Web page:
Glass (2019)

2019 #7
M. Night Shyamalan | 129 mins | cinema | 2.39:1 | USA / English | 15 / PG-13

Glass

About 18 years ago, I first watched Unbreakable on DVD. It was the new film from M. Night Shyamalan — a name no one knew a year or two earlier, but the huge success of The Sixth Sense had somehow catapulted him to the top of the zeitgeist, where he was talked about as the new Hitchcock or Spielberg. Maybe no one could spell or pronounce it (I remember a lot of “Shamalamadingdong”s), but for some reason this wasn’t just “The New Film from the Guy Who Directed The Sixth Sense“, it was “The New Film from M. Night Shyamalan”. Anyway, it had met a mixed reception, but for some people it worked, and I joined their ranks. From there, it seems to have developed something of a cult following — it has many ardent fans, but others still don’t get it.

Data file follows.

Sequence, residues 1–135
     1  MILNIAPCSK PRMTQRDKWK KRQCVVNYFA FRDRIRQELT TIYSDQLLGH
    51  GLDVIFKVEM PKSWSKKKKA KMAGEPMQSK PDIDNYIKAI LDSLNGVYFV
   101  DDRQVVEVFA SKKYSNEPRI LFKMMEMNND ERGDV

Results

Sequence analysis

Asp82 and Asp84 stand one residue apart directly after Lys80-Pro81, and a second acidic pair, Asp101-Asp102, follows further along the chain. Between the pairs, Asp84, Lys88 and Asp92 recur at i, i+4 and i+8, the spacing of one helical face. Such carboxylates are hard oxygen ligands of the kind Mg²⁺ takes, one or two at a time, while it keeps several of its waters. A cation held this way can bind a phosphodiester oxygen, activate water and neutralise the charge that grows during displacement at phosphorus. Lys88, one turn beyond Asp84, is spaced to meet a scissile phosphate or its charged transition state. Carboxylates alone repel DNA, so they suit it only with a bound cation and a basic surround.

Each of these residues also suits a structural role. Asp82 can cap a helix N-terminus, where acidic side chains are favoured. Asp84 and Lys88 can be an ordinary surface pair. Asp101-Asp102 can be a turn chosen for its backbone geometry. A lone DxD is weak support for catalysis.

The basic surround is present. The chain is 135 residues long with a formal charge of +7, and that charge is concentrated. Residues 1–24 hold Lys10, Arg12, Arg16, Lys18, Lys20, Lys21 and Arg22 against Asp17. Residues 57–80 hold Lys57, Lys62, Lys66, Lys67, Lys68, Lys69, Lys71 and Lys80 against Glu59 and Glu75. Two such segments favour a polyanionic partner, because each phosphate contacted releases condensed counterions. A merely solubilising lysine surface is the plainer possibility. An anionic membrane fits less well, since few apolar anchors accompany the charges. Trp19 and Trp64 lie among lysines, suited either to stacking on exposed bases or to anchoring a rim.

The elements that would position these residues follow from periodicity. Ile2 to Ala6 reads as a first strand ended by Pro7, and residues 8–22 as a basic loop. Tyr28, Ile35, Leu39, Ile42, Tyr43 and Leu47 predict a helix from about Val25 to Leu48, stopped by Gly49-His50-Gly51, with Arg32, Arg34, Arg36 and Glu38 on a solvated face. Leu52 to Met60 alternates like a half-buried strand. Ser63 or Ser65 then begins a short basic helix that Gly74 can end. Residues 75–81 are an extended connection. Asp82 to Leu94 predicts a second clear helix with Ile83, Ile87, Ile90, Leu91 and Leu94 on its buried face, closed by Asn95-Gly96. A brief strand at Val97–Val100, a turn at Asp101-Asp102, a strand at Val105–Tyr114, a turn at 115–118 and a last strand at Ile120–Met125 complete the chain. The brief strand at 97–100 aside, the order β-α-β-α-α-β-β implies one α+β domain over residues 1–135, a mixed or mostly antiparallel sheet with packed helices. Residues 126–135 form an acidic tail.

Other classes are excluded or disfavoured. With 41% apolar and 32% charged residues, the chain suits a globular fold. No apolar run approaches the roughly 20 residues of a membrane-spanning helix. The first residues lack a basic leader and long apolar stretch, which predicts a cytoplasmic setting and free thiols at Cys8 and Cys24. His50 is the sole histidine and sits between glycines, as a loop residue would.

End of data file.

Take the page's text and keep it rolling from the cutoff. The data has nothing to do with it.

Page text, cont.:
In interviews, Shyamalan mentioned that Unbreakable’s plot had originally been just the first act of the film, until he decided to expand it to the whole movie, and so he had ideas that acts two and three might become two further movies and form a trilogy. There began a long wait for the film’s fans, ever hoping that one day Shyamalan — whose reputation went steadily and increasingly downhill with every film he made from that point — would come back round and continue what he’d started. I can’t speak for everyone, obviously, but I’d begun to give up hope: in December 2016, I added Unbreakable to my 100 Favourites series, and in that post I wrote, “16 years on, I guess hopes of a continuation are long dead.”

Six-and-a-half weeks later, Split was released. You probably know the rest.

Mr Glass, the Horde, and the Overseer